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Medical resident work hours

Medical resident work hours is a term that refers to the often lengthy shifts worked by medical interns and residents during their medical residency. The issue has become a political football in the United States, where federal regulations do not limit the number of hours that can be assigned during a graduate medical student's medical residency. It is not uncommon for medical school graduates to work 80 to 100 hours a week, with surgical residents typically logging over 110 hours a week.


Long hours

Medical residencies traditionally require lengthy hours of their trainees. Classically, 36-hour shifts are separated by 12 hours of rest, during 100+ hour weeks. The American public, and the medical education establishment, is increasingly recognizing that such long hours are counter-productive, since sleep deprivation increases rates of medical errors. This was noted in a landmark study on the effects of sleep deprivation and error rate in an intensive care unit.[1] The Accreditation Council for Graduate Medical Education (ACGME) has limited the number of work-hours to 80 hours weekly, overnight call frequency to no more than one overnight every third day, 30 hour maximum straight shift, and 10 hours off between shifts. While these limits are voluntary, adherence has been mandated for the purposes of accreditation.

Critics of long residency hours trace the problem to the fact that resident physicians have no alternatives to positions that are offered, meaning residents must accept all conditions of employment, including very long work hours, and that they must also, in many cases, contend with poor supervision.[1] This process, they contend, reduces the competitive pressures on hospitals, resulting in low salaries and long, unsafe work hours.

Towards an 80 hour work week

Regulatory and legislative attempts at limiting medical resident work hours have materialized, but have yet to attain passage. Class action litigation has on behalf of the 200,000 medical residents in the US has been another route taken to resolve the matter.

Dr. Richard Corlin, president of the American Medical Association, has called for re-evaluation of the training process, declaring "We need to take a look again at the issue of why is the resident there."[2]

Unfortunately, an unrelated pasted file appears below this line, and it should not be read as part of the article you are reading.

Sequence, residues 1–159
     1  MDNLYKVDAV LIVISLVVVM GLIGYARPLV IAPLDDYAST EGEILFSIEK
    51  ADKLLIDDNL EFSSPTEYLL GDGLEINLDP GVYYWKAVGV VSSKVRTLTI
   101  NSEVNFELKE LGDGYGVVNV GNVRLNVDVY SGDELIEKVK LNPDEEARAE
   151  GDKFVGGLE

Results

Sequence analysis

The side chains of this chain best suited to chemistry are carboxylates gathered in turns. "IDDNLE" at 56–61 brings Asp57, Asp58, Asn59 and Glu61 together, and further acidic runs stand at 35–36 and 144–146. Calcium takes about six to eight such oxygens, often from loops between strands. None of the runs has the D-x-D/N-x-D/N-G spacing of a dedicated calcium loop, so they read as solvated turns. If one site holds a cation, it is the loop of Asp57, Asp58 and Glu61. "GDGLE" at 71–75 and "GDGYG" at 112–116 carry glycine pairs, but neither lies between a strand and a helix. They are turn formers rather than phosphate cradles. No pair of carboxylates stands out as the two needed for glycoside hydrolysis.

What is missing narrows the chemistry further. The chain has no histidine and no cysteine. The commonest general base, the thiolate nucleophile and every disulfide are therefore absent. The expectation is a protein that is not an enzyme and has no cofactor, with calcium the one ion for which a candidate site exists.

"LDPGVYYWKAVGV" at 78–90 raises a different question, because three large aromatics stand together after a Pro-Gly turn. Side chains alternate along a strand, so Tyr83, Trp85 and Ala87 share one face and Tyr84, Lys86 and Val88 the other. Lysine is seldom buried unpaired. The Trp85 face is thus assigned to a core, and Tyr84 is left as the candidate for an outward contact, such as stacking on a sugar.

The U.S. Occupational Safety and Health Administration (OSHA) rejected a petition seeking to restrict medical resident work hours, opting to rely on standards adopted by ACGME, a private trade association that represents and accredits residency programs.[3] On July 1, 2003, the ACGME instituted standards for all accredited residency programs, limiting the work week to 80 hours. These standards have been voluntarily adopted by residency programs.

On November 1, 2002, the 80-hour work limit went into effect in residencies accredited by the American Osteopathic Association (AOA). The decision also mandates that:

1) The trainee shall not be assigned to work physically on duty in excess of 80 hours per week averaged over a 4-week period, inclusive of in-house night call. 2) The trainee shall not work in excess of 24 consecutive hours inclusive of morning and noon educational programs. Allowances for inpatient and outpatient continuity, transfer of care, educational debriefing and formal didactic activities may occur, but may not exceed 6 hours. Residents may not assume responsibility for a new patient after working 24 hours. 3) The trainee shall have on alternate weeks 48-hour periods off, or at least one 24-hour period off each week. 4) Upon conclusion of a 24-hour duty shift, trainees shall have a minimum of 12 hours off before being required to be on duty again. Upon completing a lesser hour duty period, adequate time for rest and personal activity must be provided. 5) All off-duty time must be totally free from assignment to clinical or educational activity. 6) Rotations in which trainee is assigned to Emergency Department duty shall ensure that trainees work no longer than 12 hour shifts. 7) The trainee and training institution must always remember the patient care responsibility is not precluded by the work hour policy. In cases where a trainee is engaged in patient responsibility which cannot be interrupted, additional coverage should be provided as soon as possible to relieve the resident involved. 8) The trainee may not be assigned to call more often than every third night averaged over any consecutive four-week period.


Effects on mortality

A study of over 3000 hospital admissions of Medicare beneficiaries published in 2007 comparing mortality rate before and after implementation of the ACGME standards showed no difference in mortality.[3]


  1. ^ Landrigan CP, Rothschild JM, Cronin JW, Kaushal R, Burdick E, Katz JT, Lilly CM, Stone PH, Lockley SW, Bates DW, Czeisler CA (2004). "Effect of reducing interns' work hours on serious medical errors in intensive care units". N Engl J Med 351 (18): 1838-48. PMID 15509817.
  3. ^
This article is licensed under the GNU Free Documentation License. It uses material from the Wikipedia article "Medical_resident_work_hours". A list of authors is available in Wikipedia.
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